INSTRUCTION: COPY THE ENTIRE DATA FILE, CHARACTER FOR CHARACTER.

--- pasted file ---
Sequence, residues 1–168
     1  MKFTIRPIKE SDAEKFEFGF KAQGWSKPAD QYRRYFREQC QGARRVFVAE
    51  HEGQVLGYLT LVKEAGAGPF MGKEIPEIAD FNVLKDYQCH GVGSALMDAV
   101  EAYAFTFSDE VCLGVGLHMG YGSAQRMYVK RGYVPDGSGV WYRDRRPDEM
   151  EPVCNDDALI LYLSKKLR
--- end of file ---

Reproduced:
Sequence, residues 1–168
     1  MKFTIRPIKE SDAEKFEFGF KAQGWSKPAD QYRRYFREQC QGARRVFVAE
    51  HEGQVLGYLT LVKEAGAGPF MGKEIPEIAD FNVLKDYQCH GVGSALMDAV
   101  EAYAFTFSDE VCLGVGLHMG YGSAQRMYVK RGYVPDGSGV WYRDRRPDEM
   151  EPVCNDDALI LYLSKKLR